'You just deal with it. You have to when you’ve got a child’: A narrative analysis of mothers’ accounts of how they coped, both during an abusive relationship and after leaving
Journal article, Peer reviewed
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- Artikler / Articles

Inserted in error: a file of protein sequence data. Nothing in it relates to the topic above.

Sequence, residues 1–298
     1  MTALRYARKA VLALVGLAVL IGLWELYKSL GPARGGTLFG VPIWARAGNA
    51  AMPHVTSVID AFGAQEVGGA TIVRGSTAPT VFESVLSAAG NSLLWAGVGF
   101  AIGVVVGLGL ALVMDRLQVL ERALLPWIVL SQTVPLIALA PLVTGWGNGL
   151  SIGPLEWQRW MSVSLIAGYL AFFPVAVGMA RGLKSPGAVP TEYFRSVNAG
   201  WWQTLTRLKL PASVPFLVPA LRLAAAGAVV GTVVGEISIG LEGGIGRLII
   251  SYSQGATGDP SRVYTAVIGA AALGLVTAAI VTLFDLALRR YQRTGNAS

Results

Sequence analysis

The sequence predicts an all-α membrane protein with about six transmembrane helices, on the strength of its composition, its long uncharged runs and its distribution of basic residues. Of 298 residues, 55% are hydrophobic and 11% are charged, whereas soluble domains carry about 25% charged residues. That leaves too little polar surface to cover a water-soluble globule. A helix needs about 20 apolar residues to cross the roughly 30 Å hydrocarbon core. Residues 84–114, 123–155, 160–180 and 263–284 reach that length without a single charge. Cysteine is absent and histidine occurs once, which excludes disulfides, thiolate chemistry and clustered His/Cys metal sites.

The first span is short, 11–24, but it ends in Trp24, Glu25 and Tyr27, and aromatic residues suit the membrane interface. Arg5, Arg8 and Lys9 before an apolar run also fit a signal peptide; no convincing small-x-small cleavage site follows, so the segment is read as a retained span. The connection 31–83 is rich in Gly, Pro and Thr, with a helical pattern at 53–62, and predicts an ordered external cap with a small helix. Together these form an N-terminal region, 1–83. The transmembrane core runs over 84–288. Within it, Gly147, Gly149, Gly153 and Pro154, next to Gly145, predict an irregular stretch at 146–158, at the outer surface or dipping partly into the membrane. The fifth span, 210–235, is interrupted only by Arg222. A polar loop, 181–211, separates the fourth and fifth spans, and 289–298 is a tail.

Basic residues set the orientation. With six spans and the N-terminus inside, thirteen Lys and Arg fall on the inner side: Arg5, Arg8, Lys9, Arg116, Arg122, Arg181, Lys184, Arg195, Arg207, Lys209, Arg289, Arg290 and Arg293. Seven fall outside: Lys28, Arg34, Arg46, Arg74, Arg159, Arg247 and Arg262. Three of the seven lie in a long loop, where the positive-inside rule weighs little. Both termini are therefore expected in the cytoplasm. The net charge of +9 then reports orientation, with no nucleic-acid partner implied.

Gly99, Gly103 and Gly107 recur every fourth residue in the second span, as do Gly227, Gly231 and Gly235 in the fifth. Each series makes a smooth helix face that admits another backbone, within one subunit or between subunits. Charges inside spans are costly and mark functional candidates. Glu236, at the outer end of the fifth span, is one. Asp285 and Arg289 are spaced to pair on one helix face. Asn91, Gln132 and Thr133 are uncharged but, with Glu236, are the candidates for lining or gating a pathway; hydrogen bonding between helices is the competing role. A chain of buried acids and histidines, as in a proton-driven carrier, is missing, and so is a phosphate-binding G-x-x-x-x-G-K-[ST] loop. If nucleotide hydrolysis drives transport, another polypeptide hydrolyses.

A narrative analysis explored the accounts of eight mothers, each of whom had left an abusive relationship at least 12months previously. Existing research investigating the strategies used by women to cope with domestic violence rarely considers women in their capacity as mothers. Furthermore, women’s lives after leaving an abusive relationship have received limited research attention. Thus, this study aimed to understand how women described coping with domestic violence and mothering their children, both during an abusive relationship and after leaving. The analysis focused on how the eight participants described their experiences (narrative form) as well as what they talked about (narrative content). Three types of narrative form were identified: (1) ‘The story told to help others’, (2) ‘The story too difficult to tell’ and (3) ‘Where’s my story going?’ Each woman spoke about the contextual factors that influenced whether she coped with domestic violence by seeking support from others, changing her thinking or changing her behaviour. Caring for their children was a major source of support for all the women both during their relationship and after leaving. The findings indicate that mothers who have been abused by their intimate partner may come into contact with a wide range of social and emergency support services. Implications for clinical practice, service delivery and service development relate to the different ways of supporting women in talking about abuse and also the need to recognise trauma in parents.